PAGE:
Time and again, I have spoken about the need for efficient processes and systems to enable employees to do their best. It’s not enough to do something right once and then forget about it. If the process or system isn’t set up to sustain efficient activity in the first place, then waste is (and will be) prevalent.
Based on a survey of 10,000 individuals in more than 400 companies, as reported by Bill Jensen, author of Simplicity, individuals rated their company’s ability to compete on clarity (helping individuals work smarter, not harder), navigation (helping individuals find who or what they need), fulfillment of basics (such as communication and knowledge management), usability (company’s effectiveness in all that it designs to help people get tasks done), speed (helping employees to work in a 24/7 ever-faster world), and their respect for employees’ time. Overall, four or more of these elements were reported as unfavourable by 67% of respondents, while only 19% reported four or more as favourable.
To put this into perspective, Jensen says that if you are an executive in a company of 100 employees, then:
52 employees have to go back to their manager again and again to figure out what they’re supposed to do
72 can’t find what they need for them to do their best
75 are filling in the blanks for themselves on task/goal communication
81 think their son’s computer game console works better than the tools you supply
86 think you are like email when it comes to pushing speed down the chain of command, but you’re snail mail when it comes to acting on employee feedback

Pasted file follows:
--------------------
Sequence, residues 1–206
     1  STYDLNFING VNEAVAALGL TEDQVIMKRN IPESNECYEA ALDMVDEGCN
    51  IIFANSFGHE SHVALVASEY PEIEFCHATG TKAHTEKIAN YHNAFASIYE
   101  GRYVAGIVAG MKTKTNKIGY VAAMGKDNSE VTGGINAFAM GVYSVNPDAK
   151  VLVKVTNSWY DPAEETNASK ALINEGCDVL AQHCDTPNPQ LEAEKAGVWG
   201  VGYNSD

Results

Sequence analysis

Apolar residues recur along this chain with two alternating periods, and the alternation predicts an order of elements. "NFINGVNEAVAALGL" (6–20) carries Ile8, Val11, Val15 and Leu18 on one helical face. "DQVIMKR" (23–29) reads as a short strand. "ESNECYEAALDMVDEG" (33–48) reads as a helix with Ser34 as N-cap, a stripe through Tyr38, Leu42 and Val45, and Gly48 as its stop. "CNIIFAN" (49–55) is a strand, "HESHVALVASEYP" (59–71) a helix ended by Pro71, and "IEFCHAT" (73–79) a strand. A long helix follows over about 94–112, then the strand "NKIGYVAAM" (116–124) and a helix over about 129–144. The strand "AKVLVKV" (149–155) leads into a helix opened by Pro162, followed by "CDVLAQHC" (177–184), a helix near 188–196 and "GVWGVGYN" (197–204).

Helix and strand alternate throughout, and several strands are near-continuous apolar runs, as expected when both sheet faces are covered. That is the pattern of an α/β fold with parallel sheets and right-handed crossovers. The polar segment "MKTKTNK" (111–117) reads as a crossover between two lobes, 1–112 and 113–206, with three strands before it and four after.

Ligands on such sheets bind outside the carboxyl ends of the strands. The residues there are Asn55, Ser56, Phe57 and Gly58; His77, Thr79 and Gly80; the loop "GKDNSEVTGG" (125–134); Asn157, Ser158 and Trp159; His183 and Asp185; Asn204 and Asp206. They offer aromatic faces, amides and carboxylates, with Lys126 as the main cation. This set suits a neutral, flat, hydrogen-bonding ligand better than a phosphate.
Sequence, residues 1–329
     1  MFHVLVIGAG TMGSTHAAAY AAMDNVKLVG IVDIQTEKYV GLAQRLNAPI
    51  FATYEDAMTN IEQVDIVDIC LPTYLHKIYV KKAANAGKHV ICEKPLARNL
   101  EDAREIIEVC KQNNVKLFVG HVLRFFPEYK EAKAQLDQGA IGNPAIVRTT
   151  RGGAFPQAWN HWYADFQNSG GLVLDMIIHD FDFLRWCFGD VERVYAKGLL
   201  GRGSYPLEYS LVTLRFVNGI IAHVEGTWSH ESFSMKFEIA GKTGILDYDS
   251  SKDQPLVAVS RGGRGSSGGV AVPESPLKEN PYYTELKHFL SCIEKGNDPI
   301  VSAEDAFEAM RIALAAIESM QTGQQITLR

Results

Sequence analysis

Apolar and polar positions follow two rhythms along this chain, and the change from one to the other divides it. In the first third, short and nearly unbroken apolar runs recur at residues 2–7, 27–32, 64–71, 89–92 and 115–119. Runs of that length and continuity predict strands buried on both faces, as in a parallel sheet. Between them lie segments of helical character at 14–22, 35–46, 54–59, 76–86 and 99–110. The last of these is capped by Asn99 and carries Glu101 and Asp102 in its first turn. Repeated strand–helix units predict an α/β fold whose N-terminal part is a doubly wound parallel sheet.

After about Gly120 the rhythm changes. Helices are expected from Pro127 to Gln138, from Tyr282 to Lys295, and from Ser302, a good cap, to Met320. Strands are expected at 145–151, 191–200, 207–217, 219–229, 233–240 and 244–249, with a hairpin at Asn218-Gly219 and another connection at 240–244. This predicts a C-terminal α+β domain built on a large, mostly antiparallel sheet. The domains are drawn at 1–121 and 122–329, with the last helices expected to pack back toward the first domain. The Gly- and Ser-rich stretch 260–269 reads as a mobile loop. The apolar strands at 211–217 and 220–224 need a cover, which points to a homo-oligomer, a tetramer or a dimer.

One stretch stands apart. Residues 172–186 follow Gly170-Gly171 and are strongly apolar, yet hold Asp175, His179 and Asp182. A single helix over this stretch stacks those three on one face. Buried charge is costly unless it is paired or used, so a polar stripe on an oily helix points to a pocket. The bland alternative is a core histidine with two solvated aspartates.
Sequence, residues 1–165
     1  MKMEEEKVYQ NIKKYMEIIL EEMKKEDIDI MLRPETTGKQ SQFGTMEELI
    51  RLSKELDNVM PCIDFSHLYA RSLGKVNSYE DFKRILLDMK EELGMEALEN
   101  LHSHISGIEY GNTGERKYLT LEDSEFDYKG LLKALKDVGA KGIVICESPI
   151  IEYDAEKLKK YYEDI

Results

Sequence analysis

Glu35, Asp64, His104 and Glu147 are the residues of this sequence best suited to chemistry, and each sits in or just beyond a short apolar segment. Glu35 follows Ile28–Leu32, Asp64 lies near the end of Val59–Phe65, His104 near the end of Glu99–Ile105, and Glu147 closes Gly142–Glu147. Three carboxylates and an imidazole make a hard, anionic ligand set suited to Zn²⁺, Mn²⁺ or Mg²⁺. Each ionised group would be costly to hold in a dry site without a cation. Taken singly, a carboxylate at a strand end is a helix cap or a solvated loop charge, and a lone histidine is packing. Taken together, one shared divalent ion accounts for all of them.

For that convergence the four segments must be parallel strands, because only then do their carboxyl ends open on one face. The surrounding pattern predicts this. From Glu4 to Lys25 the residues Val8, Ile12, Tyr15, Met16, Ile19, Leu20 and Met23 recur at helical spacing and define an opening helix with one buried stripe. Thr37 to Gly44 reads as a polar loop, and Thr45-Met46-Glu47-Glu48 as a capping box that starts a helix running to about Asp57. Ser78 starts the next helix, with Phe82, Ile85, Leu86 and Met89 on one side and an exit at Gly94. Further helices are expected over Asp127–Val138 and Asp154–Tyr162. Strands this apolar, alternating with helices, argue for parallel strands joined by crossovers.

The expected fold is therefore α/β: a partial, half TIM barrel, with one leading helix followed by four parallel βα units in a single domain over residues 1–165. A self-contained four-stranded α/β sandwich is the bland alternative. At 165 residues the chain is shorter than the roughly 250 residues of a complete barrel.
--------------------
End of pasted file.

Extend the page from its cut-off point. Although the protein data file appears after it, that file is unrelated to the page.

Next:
88 have been trained by the company to guard their time, or at least to be dubious and have second thoughts, or hang back when asked to give more of it
Improving efficiency and effectiveness in organizations can improve employee engagement as well as speed of delivery of products/service to customers. By improving efficiency, all of the above numbers will decrease dramatically, usually by as much as 20% first time through the process. But it’s not all about process.
Being a Lean organization means much more than being efficient and effective. It means that the organization is healthy, responsive, focused, and transforming. A Lean organization exudes power and not merely a set of tools and techniques. But without the baseline tools and techniques to support the organization, getting to power is an impossible feat. It’s like trying to boil the ocean without any heat.